“You do need a test case to bring clarity to these things,” Mitka said.

“There’s a huge degree of intimidation at play here. It’s like when you get stopped by a cop, you say ‘yes, sir’ even though you haven’t uttered those words since you were in trouble with your dad or the principal when you were in high school,” she said. “When police show up, people often panic and agree to just about anything.”

Foreclosure Worries Make For Blue Kwanzaa

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By Chris Levister –

The annual December 26 to January 1 celebration of Kwanzaa represents the harvest of the first fruits and vegetables, a time when African-Americans pause to confront the principles of faith, direction, purpose and self-determination. But the sense of direction is not so clear for thousands of African American homeowners this year who are bracing for a ‘Foreclosure Kwanzaa’.

“People like me aren’t in the holiday mode.” That’s Fontana mother Marcella Berry wrapping and boxing her traditional Kwanzaa candles along with dozens of family photographs, books and Christmas ornaments. “I’m worried about what’s going to happen to my house. How much longer am I going to be able to stay here?”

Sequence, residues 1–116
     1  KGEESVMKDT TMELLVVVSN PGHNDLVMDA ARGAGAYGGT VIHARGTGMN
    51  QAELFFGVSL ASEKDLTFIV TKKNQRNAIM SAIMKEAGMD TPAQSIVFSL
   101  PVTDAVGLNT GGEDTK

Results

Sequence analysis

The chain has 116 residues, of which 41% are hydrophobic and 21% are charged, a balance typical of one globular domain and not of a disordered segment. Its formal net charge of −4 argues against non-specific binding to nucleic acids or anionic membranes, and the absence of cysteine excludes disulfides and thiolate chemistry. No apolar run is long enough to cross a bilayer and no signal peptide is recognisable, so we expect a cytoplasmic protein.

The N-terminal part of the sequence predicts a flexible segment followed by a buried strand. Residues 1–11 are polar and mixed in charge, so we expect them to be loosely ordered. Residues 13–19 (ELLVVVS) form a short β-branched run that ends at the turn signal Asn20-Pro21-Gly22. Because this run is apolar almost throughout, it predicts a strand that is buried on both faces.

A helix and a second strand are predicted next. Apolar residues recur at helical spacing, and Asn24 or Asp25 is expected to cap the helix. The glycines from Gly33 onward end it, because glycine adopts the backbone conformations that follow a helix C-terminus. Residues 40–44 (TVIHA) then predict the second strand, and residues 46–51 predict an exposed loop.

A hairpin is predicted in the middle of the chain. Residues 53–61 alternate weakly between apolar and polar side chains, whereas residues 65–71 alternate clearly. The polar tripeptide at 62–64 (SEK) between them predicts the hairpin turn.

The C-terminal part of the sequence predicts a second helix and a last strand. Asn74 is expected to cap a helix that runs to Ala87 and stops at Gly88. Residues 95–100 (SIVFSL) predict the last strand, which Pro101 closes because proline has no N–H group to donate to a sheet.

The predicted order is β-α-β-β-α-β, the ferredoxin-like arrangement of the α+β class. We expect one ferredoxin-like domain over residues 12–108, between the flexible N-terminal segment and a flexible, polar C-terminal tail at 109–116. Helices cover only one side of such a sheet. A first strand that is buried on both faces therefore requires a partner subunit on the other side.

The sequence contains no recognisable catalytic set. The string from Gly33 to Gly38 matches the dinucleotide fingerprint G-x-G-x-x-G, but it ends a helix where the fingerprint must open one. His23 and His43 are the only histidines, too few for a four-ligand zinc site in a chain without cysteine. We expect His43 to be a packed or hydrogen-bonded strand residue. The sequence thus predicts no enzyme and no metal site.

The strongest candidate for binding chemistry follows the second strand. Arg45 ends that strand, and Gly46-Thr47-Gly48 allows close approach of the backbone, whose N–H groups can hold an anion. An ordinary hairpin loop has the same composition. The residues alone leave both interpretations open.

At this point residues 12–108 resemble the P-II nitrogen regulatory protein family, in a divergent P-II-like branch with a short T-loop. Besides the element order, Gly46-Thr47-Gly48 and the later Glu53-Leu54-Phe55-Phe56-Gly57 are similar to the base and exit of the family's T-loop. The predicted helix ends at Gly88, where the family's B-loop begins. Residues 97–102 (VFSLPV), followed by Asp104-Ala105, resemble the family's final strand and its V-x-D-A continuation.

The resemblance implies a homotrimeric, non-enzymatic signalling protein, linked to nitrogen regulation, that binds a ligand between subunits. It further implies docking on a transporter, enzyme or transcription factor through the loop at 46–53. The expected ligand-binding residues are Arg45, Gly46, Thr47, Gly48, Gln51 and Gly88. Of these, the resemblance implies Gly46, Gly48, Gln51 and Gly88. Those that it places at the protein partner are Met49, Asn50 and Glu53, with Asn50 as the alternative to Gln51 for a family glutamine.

Berry says that much of the joy of Christmas and Kwanzaa is missing this year as she fights to hang on to her home in Fontana.

The single mother and laid off insurance adjustor may live in an epicenter of the U.S. housing crisis, but she is far from any stereotype conjured up in coverage of the record number of Americans whose homes are in foreclosure.

She is not a real estate speculator, house flipper or rental property investor. She did not lie about her income or buy more house than she could afford. She was not lured into home.

What happened to Marcella Berry could happen to anyone: She got sick, lost her job and fell behind on her house payments.

“Frankly some days it hurts to wake up,” she said. Since January, 2008, life for Berry has been a rollercoaster of nerves and frustration, failed loan modifications, broken promises made by realtors and bankers, hours of financial counseling and at least three legislative hearings like the one she attended in Van Nuys this week.